What happens if I delay treatment for an eyelid skin cancer?

Most eyelid skin cancers are very slow growing, and we normally recommend having them treated with surgery within 2-3 months. Because cancers grow larger over time, waiting for longer periods of time can make the eventual Mohs surgery defect larger and the eyelid reconstruction more complex.

If left untreated for long periods of time, skin cancers of the eyelid can sometimes invade the eye socket or even metastasize throughout the body. If this happens, the cancer may be incurable or removal of the cancer may require removal of the eye and tissues around the eye.

How can I help prevent Skin Cancers of the Eyelid?

The sun is very strong in Hawaii and our nice weather allows us to spend lots of time outdoors (exposed to the sun). Patients can help avoid sun damage, skin cancers, and premature skin aging by doing the following:

  • Wear sunglasses to protect the eyelids and periocular region
  • Apply sunscreen
  • Wear hats and protective clothing
  • Avoid tanning
  • Avoid sun exposure during peak daylight hours

Cancer-causing UV rays can penetrate glass and are especially strong at the beach and on the ocean. Even if you are not in direct sunlight, you can still be exposed to significant UV rays.

Does insurance cover eyelid lesion removal and biopsies?

Insurance typically covers the removal or biopsy of lesions that are growing in size, suspicious for cancer, or are causing irritation of the eyes or eyelids.

If lesions are cosmetically bothersome but are not worrisome for cancer or touching the eye, insurance may consider this cosmetic and not cover removal of the lesion.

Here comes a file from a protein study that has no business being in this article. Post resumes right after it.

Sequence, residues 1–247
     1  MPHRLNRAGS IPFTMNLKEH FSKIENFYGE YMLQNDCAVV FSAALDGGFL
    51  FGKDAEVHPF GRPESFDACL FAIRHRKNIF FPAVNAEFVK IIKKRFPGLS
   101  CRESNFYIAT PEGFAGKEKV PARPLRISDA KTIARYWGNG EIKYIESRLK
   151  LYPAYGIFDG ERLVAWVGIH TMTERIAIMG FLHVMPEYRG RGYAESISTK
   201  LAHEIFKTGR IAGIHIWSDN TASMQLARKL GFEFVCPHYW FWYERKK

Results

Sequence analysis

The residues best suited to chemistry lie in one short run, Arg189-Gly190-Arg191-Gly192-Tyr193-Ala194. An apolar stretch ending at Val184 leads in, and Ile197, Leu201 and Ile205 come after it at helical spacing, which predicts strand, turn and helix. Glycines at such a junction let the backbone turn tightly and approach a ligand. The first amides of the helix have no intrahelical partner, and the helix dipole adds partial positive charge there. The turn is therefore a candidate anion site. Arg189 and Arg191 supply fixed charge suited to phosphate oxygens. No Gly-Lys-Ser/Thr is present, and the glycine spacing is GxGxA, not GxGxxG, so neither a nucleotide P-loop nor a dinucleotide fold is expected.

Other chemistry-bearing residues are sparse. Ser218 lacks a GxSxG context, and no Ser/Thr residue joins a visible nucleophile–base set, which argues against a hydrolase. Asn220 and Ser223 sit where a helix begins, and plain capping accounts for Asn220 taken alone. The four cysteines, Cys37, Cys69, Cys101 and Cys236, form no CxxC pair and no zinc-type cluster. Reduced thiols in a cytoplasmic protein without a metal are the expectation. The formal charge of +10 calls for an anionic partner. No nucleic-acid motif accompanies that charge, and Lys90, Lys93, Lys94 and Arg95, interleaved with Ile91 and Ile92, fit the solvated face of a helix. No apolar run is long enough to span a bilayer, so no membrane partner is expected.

What is the “down time” after eyelid lesion removal/biopsy and eyelid reconstruction?

The eyelid lesion removal/biopsy is a minor procedure done in the office, but patients can sometimes have some mild bruising and swelling of the eyelid for the first week. The defect usually heals and closes beautifully over the first two weeks. There is minimal pain after the procedure and no major activity restrictions. Patients can apply some ice to help with minor swelling. Antibiotic ointment should be placed on the biopsy site 2x/day for 1-2 weeks.

If you are undergoing Mohs surgery with eyelid reconstruction, there is again minimal pain after surgery. Most patients simply use ice and Tylenol for any discomfort. In some cases, Dr. Lee may apply a patch over the eye for the first week. Otherwise, the eye will be open although the vision may be slightly blurry for a few days. Patients can walk around the same day of surgery and do light activities, including using the computer or watching TV. They should avoid heavy lifting, straining, or bending for the first 2 weeks. Antibiotic ointment is applied to the incisions for the first two weeks. The sutures typically dissolve on their own.

Schedule Your Consultation Today

If you have an eyelid lesion or possible skin cancer, please don’t wait as cancers will continue to grow and can be more challenging to treat over time. Schedule your consultation today to help get answers about your eyelid lesion and how to properly manage it.